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Can license plate readers replace waits at toll booths?


New York State agencies are spending hundreds of millions of dollars to get rid of the toll booths on roads, bridges and tunnels around New York City, while increasing security. Local leaders say, if they can do it there, why not here?

The New York City area is filled with toll booths and toll plazas. Vehicles stop to pay a toll or drivers use the quicker E-ZPass.

The Metropolitan Transportation Authority will spend $500 million over the next year to convert to automatic tolling for the 800,000 NYC vehicles using bridges and and tunnels. The new system will use E-ZPass and a system of license plate readers that will then send a toll bill to the vehicle's registered owners.

Buffalo Congressman Brian Higgins says that should be done here, especially on the Grand Island Bridges and at the Lackawanna and Williamsville toll barriers. Higgins says getting rid of the Niagara Section toll booths helped traffic.

"It's made a big difference and you have a situation where more people are using that stretch, where before, when there was the imposition of the toll, people were avoiding it," says Higgins. "And keep in mind, particularly with Lackawanna, a lot of people will take the Skyway as an alternative because they don't want to experience the delays at the Lackawanna toll booth."

Credit twitter.com
The Williamsville Toll Barrier on the I-90 can be a point of traffic congestion and vehicle fumes.

"We aren't getting a new site. We are not getting a relocation, at least not in my lifetime," says Williamsville Mayor Brian Kulpa. "Realistically, the modifications being made to the toll plaza now are about trying to cut the wait times and they are being done with a traditional-style toll plaza in mind, where someone has to act as a collector."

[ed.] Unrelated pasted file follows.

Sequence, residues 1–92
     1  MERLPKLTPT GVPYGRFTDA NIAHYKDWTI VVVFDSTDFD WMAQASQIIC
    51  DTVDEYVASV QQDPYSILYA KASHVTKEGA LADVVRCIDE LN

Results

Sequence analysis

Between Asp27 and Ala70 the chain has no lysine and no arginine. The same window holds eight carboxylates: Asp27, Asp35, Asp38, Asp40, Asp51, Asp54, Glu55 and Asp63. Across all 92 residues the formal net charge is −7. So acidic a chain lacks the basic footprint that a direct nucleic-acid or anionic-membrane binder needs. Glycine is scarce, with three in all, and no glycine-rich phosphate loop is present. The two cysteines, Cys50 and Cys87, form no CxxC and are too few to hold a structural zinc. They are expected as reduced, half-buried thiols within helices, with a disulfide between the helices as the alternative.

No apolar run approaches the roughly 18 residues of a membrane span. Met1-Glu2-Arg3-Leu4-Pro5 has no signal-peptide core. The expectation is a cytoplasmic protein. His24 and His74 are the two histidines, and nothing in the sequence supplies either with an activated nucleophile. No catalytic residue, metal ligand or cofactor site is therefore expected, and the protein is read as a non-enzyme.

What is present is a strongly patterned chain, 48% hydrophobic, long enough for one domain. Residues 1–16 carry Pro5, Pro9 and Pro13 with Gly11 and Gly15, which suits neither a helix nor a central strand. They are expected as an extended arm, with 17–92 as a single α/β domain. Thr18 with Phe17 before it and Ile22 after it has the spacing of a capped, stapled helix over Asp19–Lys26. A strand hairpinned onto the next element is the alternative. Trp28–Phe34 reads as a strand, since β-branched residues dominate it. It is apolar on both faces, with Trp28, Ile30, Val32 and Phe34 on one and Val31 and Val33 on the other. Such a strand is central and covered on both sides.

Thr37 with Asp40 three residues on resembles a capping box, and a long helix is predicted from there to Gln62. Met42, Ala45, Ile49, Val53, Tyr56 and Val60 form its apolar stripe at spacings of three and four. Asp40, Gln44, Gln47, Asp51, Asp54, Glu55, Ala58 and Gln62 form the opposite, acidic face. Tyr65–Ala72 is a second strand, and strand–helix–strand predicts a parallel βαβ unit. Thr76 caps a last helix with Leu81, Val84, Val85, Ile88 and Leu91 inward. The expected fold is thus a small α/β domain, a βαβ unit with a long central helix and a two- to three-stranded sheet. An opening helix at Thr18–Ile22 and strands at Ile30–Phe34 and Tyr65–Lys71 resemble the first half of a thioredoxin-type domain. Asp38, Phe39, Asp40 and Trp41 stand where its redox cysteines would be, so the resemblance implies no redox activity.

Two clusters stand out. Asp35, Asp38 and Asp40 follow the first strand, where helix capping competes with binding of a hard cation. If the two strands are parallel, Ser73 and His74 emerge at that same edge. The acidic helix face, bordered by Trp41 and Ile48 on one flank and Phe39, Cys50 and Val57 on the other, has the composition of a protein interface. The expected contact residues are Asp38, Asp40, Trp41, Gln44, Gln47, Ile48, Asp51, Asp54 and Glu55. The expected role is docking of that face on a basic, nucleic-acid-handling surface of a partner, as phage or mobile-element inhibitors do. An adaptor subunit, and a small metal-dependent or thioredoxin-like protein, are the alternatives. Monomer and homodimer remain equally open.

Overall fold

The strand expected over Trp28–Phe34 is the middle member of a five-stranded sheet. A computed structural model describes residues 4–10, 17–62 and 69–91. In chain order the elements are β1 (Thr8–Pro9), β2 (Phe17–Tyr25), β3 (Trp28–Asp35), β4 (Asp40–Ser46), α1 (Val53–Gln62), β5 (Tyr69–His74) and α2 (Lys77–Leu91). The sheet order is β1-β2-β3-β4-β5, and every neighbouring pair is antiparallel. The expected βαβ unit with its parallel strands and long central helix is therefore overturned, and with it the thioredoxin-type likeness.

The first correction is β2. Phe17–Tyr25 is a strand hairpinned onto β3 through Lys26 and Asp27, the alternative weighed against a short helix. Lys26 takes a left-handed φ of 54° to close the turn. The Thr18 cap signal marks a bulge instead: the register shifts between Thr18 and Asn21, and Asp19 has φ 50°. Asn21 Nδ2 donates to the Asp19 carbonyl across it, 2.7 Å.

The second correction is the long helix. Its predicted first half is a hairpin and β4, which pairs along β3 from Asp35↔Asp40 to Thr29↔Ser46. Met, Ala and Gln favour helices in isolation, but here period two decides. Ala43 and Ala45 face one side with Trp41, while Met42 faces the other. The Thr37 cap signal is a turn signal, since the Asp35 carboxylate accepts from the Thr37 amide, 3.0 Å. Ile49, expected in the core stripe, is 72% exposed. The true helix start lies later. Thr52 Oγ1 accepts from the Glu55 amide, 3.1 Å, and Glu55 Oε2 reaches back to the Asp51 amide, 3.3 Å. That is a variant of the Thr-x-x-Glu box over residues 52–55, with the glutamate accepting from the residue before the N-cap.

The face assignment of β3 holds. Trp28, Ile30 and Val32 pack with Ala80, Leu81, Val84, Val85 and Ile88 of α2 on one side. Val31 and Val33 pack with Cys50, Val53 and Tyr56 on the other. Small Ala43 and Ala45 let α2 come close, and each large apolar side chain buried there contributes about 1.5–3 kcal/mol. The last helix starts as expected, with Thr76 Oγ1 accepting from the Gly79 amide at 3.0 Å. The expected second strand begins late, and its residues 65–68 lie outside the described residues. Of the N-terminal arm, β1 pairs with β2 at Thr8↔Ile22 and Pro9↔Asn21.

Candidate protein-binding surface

Kulpa says it won't be simple to get rid of the toll booths at every exit on the Thruway, but it might be relatively simple to get rid of stand-alone booths like those for the Grand Island bridges. In the meantime, he favors the electronic collections to cut the diesel fumes from trucks, as well as persuading other truck drivers to switch to the Thruway instead of traveling down Main Street spewing diesel fumes.

Mike Desmond is one of Western New York’s most experienced reporters, having spent nearly a half-century covering the region for newspapers, television stations and public radio. He has been with WBFO and its predecessor, WNED-AM, since 1988. As a reporter for WBFO, he has covered literally thousands of stories involving education, science, business, the environment and many other issues. Mike has been a long-time theater reviewer for a variety of publications and was formerly a part-time reporter for The New York Times.
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